The College sophomore, a history major, is now finding inspiration in music and intends on making it a part of his work. He has collaborated with the best in the industry and, as he reveals, “I’m in the pop/house market, and I’m going on tour this summer.” The tour will be a culmination of effectively balancing travel, modeling, long hours at the studio, and college life. If anybody knows how to hustle, Nick Hissom does.
Post by Daniel Ortiz
April 11, 2012 § Leave a comment
We all know his work, we love his clothes, and we can’t seem to fit enough of his accessories in our bags all at once. We just wanted to reach out and say Happy Birthday to one of our favorite designers of all time, Marc Jacobs, who turned 49 two days ago on April 9th.
The designer, a Parson’s grad, former creative director for Perry Ellis, and pioneer of all things 90’s grunge, is still going strong today. One of the most attractive aspects of his brand, Marc by Marc Jacobs, is the range of consumers to whom it appeals. We love how you can buy anything from a designer dress to an iPhone case. You can invest in a full leather purse or opt for a nylon tote. It’s the versatility of Marc Jacobs that makes him such a timeless designer.
What else sets Marc apart from the rest? His ability to conform to any brand is amazing. If you had to put Louis Vuitton and Marc by Marc together on one shelf, well, at one point in time this would have been rather difficult. But since his time at LV, beginning in 1991, he has turned the brand into much more than a luxury luggage company. The designs stick to the original French house’s quality and design, but with a fresh new twist each season. We’re talking hot pink graffiti over the traditional LV print Keepalls and Speedy’s, models in bunny ears swinging handbags down the runway, or Kate Moss leading beautiful women handcuffed to their purses out of elevators.
There’s hardly anyone more charming or more amazing than Marc Jacobs in the fashion world today. A champion in his own life, he has overcome adversity and still succeeds in every department from purses to perfume to philanthropy. Rarely in the spotlight himself, his brand speaks for his personality and the world of Marc Jacobs that he strives to create through each design. We love Marc Jacobs and only look forward to many, many more years of innovative design and collaboration.
Please—April 9th should be a national holiday.
Post by Alex Enny
April 8, 2012 § Leave a comment
As college students, we rarely have the time to watch television. But when we reached for the remote last night, something shocked us: Sketchers BOBS. If you have not seen the ad yet, we highly encourage you to take a look (http://www.youtube.com/watch?v=Q5FMvLVhrtA). It looks familiar right? Actually, the business model behind BOBS is a direct copy of TOMS. The question: is this okay because needy children are benefitting?
We personally think that the Sketchers BOBS concept lacks creativity and seems like a marketing ploy. The problem is, as we heard on the advertisement, Sketchers is the second largest shoe company in the United States—meaning it has a lot more market penetration than TOMS. Because of the prevalence of Sketchers across America, could shoeless children be better off with this copycat concept?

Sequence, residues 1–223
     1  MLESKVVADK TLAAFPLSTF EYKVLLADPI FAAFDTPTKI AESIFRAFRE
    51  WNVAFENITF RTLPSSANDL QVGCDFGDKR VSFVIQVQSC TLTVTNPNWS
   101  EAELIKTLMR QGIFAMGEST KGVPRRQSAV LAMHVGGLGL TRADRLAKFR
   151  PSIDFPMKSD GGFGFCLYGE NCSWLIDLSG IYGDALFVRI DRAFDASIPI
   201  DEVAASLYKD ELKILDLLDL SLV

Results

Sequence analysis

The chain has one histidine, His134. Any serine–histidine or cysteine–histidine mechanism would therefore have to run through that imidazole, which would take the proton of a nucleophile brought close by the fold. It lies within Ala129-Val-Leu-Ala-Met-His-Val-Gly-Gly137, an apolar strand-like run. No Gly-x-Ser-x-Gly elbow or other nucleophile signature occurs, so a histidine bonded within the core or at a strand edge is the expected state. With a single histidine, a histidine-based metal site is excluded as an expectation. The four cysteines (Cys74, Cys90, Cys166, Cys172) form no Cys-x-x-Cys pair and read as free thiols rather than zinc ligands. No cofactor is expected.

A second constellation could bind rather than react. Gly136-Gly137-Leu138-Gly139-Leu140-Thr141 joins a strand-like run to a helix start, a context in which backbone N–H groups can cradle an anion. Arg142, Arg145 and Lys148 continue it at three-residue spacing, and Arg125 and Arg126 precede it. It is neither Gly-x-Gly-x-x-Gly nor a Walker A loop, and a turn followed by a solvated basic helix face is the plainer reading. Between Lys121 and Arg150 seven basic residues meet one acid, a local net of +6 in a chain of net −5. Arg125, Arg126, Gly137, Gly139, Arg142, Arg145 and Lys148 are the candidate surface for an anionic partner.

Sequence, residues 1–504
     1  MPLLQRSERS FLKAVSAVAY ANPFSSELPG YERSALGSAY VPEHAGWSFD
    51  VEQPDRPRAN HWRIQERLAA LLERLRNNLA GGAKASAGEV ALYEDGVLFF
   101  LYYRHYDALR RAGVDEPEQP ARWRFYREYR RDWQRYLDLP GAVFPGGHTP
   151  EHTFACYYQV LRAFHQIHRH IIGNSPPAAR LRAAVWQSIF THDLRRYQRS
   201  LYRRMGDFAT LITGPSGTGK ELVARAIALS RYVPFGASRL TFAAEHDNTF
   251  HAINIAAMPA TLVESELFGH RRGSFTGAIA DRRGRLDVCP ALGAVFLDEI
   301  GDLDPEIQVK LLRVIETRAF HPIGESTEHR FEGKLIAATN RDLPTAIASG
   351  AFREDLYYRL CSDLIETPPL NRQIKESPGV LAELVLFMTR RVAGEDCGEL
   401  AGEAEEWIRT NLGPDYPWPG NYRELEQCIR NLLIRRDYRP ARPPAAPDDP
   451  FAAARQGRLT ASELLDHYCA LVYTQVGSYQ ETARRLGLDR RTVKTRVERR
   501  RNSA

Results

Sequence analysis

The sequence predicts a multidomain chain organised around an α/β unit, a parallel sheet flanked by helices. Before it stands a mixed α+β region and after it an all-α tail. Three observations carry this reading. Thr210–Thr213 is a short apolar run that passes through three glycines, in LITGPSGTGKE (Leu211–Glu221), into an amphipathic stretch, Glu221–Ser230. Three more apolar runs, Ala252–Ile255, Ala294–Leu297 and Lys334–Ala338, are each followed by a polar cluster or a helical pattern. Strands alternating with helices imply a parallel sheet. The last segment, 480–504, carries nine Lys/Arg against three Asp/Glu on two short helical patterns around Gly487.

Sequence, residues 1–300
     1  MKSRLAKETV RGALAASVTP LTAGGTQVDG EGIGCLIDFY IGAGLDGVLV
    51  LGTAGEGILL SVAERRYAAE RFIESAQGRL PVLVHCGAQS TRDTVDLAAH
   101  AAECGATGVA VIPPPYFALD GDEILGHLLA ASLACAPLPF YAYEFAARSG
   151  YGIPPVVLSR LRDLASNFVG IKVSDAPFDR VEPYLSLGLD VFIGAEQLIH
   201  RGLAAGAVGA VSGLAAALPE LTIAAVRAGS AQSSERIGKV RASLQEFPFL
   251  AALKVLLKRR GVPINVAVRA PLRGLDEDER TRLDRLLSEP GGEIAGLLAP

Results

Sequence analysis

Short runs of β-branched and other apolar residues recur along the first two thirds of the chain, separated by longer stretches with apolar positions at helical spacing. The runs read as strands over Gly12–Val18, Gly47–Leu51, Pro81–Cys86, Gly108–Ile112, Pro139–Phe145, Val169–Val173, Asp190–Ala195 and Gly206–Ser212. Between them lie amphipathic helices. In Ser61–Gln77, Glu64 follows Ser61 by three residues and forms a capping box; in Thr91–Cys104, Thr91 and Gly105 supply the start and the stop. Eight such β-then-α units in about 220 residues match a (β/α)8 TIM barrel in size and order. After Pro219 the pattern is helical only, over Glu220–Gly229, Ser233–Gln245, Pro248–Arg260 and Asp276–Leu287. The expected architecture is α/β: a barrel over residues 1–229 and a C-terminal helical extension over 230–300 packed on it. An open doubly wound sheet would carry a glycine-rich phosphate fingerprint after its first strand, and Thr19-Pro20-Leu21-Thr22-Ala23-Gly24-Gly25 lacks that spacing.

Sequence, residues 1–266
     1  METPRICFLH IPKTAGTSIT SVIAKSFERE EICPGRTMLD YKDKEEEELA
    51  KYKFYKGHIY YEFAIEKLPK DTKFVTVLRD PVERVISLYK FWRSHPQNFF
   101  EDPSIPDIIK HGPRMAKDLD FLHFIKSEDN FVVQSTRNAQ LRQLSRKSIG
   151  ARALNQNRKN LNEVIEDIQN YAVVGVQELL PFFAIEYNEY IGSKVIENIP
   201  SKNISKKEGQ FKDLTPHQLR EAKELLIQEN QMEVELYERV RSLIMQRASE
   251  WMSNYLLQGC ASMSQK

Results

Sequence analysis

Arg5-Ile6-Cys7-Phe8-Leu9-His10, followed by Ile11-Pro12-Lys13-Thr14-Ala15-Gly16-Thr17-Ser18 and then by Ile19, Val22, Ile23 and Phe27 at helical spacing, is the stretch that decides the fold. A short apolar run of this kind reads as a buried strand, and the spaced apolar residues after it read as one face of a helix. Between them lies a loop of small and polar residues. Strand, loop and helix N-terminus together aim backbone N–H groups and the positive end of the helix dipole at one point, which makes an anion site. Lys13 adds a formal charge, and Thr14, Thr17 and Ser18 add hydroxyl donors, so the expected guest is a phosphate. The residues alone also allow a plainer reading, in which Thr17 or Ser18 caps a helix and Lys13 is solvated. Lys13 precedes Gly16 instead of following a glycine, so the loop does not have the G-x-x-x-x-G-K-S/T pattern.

What the TOMS versus BOBS scenario calls into question is not only a blatant copyright issue, but more importantly the idea of cause marketing. Is cause marketing ethical? On one hand, the children are benefitting because companies like Sketchers and TOMS are donating. Conversely, this is openly recognized as a marketing strategy. When we dove deeper into the Sketchers program, we found that the company does not donate shoes, but rather donates to a nonprofit called Soles4Souls. When looking at the accounting of Soles4Souls, we can see questionable numbers (http://greatnonprofits.org/reviews/soles-4-souls#r_id-100297–user_id-121964). Although we love TOMS model of one-for-one, we are concerned about the actual donation process that takes place. TOMS’ accountability is also questionable because they are not a publicly traded company. The combination of nonprofit politics with questionable marketing practices makes us rethink cause-based marketing.
Post by Julia Wu
April 5, 2012 § Leave a comment
If we could count how many times we made the resolution to spend every afternoon in the gym post-New Year’s celebrations, well, we would be here a long time. Let’s face it—it’s not the easiest thing to stick to, and finding the inspiration to continue after so many months and so many iPhone apps is near impossible. But we’re feeling another trend on the rise that may help motivate you a little more than usual. And that’s because, of course, it’s fashion related.
We picked up the newest issue of V Magazine earlier this week and got to thinking. Now, normally “sports” issues aren’t something that attracts the eyes of fashionistas and shoppers of the vast majority, but this was something different. Besides the captivating look of boxer-clad Jennifer Lopez on the front cover, the list of celebrities included inside, from Marc Jacobs to Lady Gaga, was enough to have us sold. Upon opening the magazine, however, we were struck with the overwhelming question: what is this sports trend?
Looking back, there were shows in the past that definitely proved this was coming. Marc Jacobs literally had his models wearing sneakers. But why? What pushes people towards a certain trend and such a specific one at that? Is it because of the upcoming Olympics? Or is March a perfect time to be obsessed with everything “Madness” related? How much influence do current events around the world really have on our daily fashion choices?
Keep your eyes open for this trend. We see it coming, and Cathy Horyn predicted it long ago. Check out her Runway Report here, from 2011’s September Fashion Week, where she points out the oh-so-many sportswear innuendoes in the S/S 2012 Collections. Then, let us know. What do you think is the cause of this trend? Will it be a slam-dunk? We’re intrigued.